We had to try the Cuban street food
We had to try the Cuban street food

After the coffee shop we dropped checked into the hotel and head back to the Design District.  We got there early so we could easily find parking and saw where the food trucks were arriving.  Once it got darker things livened up and we had a blast.  Amazing street food, tons of galleries with unique and cool art plus perfect weather.  We stayed and walked around for a couple hours before making the mistake of heading to South Beach.  South Beach is terrible.  We finally chose a place to eat dinner because the food prices looked reasonable and they were offering 2 for 1 drinks.  Well, the food was mediocre and 2 for 1 drinks is not a good deal when they are $26 DOLLARS EACH!  Yuck.  Went back to the art show and saw some more cool stuff.

 

A couple times a month this street festival happens, lucky for us it was the night we were there
A couple times a month this street festival happens, lucky for us it was the night we were there

On the way out of Miami we stopped at Versailles, the most famous Cuban restaurant in the world they claim. It was delicious, highly recommended.  We finished and got in the car, heading towards Cape Canaveral.  If you go to Miami, avoid South Beach, go to Wynwood.

Delicious Cuban food
Delicious Cuban food

SE Road Trip – New Orleans

(We intended to keep as detailed blog posts as we did with the West Coast Road trip however we ran out of time.  We did want to show some photos and stories from our highlights. Hope you enjoy this series of belated entries.) With only a day at home to unpack from the West Coast, clean some of our gear and clothes and re-pack for warm weather we were in a huge hurry.  Early the next morning we flew to our first stop, New Orleans.  New Orleans was really high on our ‘List of Cities We Need to Visit’ and we couldn’t wait to see it.  Because of the time change we were due to arrive in the afternoon.  We planned on getting our rental car, head to the hotel to take a nap and maybe explore the city in the afternoon.  Our hotel was located on the edge of the French Quarter and as we drove into town we immediately decided there was no time to nap, we needed to explore the city a bit. We had three goals for our roadtrips; Eat as much food as we could, see many parts of America we hadn’t seen yet and see family.  New Orleans was not only a new city for us but happens to have some pretty amazing cuisine.  Not 2 minutes outside of our hotel was Acme Oyster, home of the ‘Dozen Dozen Oysters’ eating challenge.  This was our first stop.  We skipped the challenge but definitely wanted some seafood.  A dozen oysters with an oyster & shrimp po’ boy was the perfect start to our trip.  We walked around the city for a bit but running on fumes we decided to take a nap before finding dinner and seeing the city at night.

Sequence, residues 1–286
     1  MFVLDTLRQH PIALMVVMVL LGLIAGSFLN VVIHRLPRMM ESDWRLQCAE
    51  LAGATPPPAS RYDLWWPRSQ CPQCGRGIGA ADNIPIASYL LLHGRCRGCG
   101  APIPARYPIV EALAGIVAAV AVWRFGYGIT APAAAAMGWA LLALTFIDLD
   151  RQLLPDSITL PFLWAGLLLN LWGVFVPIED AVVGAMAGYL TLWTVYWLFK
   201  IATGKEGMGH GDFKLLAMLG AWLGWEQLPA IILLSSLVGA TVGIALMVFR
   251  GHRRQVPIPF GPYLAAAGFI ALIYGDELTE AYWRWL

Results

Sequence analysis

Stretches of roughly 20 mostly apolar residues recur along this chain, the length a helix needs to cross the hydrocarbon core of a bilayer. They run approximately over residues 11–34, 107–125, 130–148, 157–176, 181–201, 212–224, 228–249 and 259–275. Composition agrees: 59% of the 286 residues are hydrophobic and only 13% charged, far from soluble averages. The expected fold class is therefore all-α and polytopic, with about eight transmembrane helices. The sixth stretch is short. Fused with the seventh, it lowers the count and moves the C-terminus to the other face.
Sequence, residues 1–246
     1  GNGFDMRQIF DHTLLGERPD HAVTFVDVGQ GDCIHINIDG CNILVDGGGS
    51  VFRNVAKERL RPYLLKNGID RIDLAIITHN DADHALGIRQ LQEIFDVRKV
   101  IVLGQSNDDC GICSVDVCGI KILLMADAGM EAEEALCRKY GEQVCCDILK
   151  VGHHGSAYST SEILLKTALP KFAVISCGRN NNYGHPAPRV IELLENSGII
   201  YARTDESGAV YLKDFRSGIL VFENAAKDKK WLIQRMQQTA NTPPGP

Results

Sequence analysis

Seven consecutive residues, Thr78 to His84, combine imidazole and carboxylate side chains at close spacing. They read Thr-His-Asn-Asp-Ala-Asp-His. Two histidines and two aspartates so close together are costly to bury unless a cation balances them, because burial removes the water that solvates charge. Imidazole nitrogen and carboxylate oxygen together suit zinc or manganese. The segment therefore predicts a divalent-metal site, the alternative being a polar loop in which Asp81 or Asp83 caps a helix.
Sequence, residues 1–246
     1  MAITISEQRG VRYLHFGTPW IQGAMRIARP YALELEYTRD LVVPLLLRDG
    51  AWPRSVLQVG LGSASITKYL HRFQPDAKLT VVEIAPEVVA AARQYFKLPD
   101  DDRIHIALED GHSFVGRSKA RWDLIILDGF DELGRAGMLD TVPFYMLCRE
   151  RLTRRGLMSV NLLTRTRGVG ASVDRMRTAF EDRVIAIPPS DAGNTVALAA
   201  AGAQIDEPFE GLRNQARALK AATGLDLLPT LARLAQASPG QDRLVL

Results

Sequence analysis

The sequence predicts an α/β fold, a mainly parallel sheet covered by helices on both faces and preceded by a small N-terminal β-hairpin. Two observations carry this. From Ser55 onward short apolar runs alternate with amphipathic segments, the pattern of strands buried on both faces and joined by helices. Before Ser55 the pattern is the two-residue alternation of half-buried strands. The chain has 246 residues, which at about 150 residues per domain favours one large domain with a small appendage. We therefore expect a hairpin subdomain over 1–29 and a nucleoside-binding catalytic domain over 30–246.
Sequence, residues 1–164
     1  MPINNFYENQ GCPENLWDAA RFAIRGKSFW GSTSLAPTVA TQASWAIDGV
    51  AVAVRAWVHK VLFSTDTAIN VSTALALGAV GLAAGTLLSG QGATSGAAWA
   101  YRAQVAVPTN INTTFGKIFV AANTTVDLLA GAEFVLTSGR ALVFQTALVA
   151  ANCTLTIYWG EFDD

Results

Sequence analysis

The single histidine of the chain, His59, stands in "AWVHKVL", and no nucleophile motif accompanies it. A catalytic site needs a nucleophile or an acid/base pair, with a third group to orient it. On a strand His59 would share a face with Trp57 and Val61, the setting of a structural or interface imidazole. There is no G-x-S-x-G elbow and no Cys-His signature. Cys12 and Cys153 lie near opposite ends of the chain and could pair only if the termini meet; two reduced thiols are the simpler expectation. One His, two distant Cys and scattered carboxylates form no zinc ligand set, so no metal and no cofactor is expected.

Our first night I got my favorite photo of the trip of this couple deciding on a whim to dance to the amazing live music of the streets of New Orleans
Our first night I got my favorite photo of the trip of this couple deciding on a whim to dance to the amazing live music of the streets of New Orleans

Continue reading “SE Road Trip – New Orleans”

West Coast Road Trip – Days 17 & 18 – Time to go home

3/28/14 to 3/30/14 Time to go home

Leaving Capitol Reef, we settled in for the long drive to Salt Lake City.  We didn’t know much about the city, but we’d heard it was nice.  We arrived in the city after 4 or 5 hours and plugged in the address of the AirBNB we were staying at. The place sounded fun, advertised as an urban farm with ducks, chickens, fresh eggs, and good company.  We arrived not quite sure what to make of it. We must have been in the worst neighborhood in SLC (who knew they had those?)  We walked in with the code given to us and were pointed to our room.  It reminded us a bit o of being back in college (ok a lot) with handmade ‘furniture’ and clutter all over.  Our room was clean and quiet enough, plus it was just one night, so we unpacked and went to find dinner.

On our 2nd to last night, we decided to celebrate with a perfect bottle of wine
On our 2nd to last night, we decided to celebrate with a perfect bottle of wine

At dinner we texted Kyle Dempster, the climber who made the video about his bike/climbing trip he took to Kyrgyzstan (Link to video) and lived in SLC, to see if he could meet that evening or tomorrow morning.  He was available to meet the next morning, and we met him at Higher Ground, the coffee shop he co-owned.  Kyle was the first person we met who had actually been to Kyrgyzstan, and it was awesome talking him and learning what his experience was like.  He had great info for us and he also mentioned he would be returning to Kyrgyzstan later in September, perhaps we’d meet again.

After coffee we drove to Boise to stay with Eric’s longtime family friends, Larry and Sandi.  We had last stayed with them on a previous road trip, and we knew it would be a nice evening (likely involving wine.)  Sandi cooked us a nice meal, Eric enviously examined Larry’s new Corvette, and much wine was enjoyed.  We’ve been so fortunate to have friends and family we’ve been able to stay with.  Not only is it fun to have a bit of a farewell tour saying goodbye to people we won’t see for a couple years, but it’s great to get out of the hotel/camping routine and stay in a home.

At the SLC AirBNB place, this cat decided Taylor's shirt was a perfect pillow